I know I have just said in the previous tip not to shop ahead if you can avoid it. BUT what do you do with all of those bigger size clothes which you might have had gifted or handed down?
Invest in some vac bags or tubs and stash them away by the size. If you have wardrobes like the Ikea PAX you can store everything nicely above the wardrobe. Stashing them in under bed storage boxes (like these) under the cot is also a great idea. The last thing you want is a room cluttered up with stuff (you have years of kids clutter ahead of you so enjoy the simplicity while you can).
I also like to keep a list on my phone of what I have stashed so that I don’t buy more of the same.
Tip 6 – Shop secondhand
You probably think in the Covid world you would be mad to buy second-hand things for your baby. The thing is, you can wash and clean them simply and safely.
Almost everything for your baby can be bought second hand. This is a great way to set your baby room up on a budget.
Tip 7 – Be Your Future Friend
It’s tempting to go crazy with the colour scheme and decorations. While it looks cute now, in a few years your toddler will have outgrown that ‘style’. Do yourself a favour and keep the permanent decorations like curtains, carpet, painting and furniture to a fairly neutral style.
You will thank yourself in a few years when you aren’t having to strip Disney wallpaper in favour of their newest character obsession. Instead, add anything character related to the soft furnishings any other things that can be easily swapped out.
This has two advantages to help stretch your baby room budget further. Firstly by not overdoing the permanent decorations, they will still be suitable for years to come therefore saving you money in the long term. Secondly, if you stick to keeping the theme or character print to things you can remove, it’s really easy to bundle all of these coordinated items up and sell them to another family looking for a bargain.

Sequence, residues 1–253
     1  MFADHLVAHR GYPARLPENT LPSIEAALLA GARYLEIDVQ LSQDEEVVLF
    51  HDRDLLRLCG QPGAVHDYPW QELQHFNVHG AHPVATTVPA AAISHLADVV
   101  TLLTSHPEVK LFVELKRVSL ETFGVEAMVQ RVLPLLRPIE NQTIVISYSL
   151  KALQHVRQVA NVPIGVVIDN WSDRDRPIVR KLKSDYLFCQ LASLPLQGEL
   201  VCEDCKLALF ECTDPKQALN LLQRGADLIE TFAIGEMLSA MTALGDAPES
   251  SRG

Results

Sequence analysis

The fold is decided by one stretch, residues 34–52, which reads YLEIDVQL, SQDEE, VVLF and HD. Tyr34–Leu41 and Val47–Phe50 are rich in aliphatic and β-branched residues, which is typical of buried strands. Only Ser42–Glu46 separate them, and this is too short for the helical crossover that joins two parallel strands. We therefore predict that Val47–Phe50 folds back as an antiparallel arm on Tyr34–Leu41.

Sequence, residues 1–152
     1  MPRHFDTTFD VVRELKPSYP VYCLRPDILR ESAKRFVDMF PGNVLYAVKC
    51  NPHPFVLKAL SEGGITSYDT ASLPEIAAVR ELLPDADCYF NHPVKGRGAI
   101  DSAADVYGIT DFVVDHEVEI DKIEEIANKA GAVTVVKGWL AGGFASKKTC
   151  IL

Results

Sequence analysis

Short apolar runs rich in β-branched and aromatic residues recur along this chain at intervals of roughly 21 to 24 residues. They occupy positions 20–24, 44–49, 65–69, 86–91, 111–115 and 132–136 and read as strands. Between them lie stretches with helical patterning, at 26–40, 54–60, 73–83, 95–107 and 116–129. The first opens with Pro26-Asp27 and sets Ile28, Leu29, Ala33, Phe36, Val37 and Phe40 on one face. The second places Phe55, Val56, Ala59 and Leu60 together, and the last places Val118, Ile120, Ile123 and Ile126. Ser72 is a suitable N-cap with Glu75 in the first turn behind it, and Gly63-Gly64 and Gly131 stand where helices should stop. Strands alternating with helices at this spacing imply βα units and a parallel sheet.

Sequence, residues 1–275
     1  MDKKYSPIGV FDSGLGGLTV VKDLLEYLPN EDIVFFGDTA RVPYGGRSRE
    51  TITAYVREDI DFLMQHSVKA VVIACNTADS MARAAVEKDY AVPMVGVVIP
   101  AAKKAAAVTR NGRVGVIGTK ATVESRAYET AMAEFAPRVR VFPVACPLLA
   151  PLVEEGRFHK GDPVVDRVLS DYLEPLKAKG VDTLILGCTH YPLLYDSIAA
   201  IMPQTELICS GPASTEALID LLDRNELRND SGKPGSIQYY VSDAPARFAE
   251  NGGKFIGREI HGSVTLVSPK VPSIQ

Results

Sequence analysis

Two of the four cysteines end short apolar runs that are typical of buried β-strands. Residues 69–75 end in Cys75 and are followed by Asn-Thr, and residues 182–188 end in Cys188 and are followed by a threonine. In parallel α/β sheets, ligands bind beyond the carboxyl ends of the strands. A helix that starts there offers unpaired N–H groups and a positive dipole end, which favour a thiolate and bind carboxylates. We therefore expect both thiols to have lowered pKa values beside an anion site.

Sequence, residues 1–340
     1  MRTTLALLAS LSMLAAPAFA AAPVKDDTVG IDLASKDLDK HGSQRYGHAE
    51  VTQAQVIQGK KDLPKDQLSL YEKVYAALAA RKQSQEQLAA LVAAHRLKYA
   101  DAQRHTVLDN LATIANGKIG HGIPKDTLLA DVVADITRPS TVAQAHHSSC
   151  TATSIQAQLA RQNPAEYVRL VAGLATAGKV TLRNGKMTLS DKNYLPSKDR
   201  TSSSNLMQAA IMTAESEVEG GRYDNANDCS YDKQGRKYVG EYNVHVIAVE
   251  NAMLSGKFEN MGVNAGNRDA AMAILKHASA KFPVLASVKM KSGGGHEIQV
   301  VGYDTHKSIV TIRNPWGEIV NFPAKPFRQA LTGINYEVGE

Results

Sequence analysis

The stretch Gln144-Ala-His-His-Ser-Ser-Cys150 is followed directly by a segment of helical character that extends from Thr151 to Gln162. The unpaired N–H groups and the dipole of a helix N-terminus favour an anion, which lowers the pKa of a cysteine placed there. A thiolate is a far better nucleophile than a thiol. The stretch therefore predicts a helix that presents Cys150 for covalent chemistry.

Tip 8 – Stay away from matchy matchy
Baby retailers will trick you into thinking that everything must match. The bedding, the curtains, the towels, the lampshades… You could blow your baby room budget fairly quickly if you try to ‘get the look’.
The truth is that while it looks great in the magazines, it costs a fortune. Ask yourself – will the baby notice if the bedding and curtains don’t match?
Instead, opt for plain curtains, regular bath towels and plain lampshades. They will still look nice and serve you for years to come.
Tip 9 – Shop in budget and discount stores
Baby shops are expensive! If you buy everything from them you are going to out of money pretty quick.
Items where you need advice like car seats and prams – sure get these from the baby retailers BUT for everything else, think outside the box and your baby room budget will go so much further.
Shops like TK Maax, The Range, Home Bargains, Ikea and B&M can get you the same expensive ‘look’ as the expensive baby shops. Keep looking on Pinterest for inspiration and then really challenge yourself to get the same look for less.
A top tip is to buy white nursery furniture – it is really easy to buy from a variety of places and get a coordinated look on a budget.
Tip 10 – If you aren’t sure – don’t buy it
If you learn nothing else from this post other than this – it’s easier to buy something when you actually need it, than to return something you didn’t need.
If you buy loads of stuff before the baby arrives, you run the risk of it not being suitable when you come to use it. I talk about this all the time in my book. My eldest has a rather large head. I would say that most clothes I bought before he arrived, just didn’t fit him. At the time I thought I was doing the right thing by shopping while I had the money. I’d also thought I was doing the right thing and being organised. The truth was I was setting myself up for a whole lot of money wasting!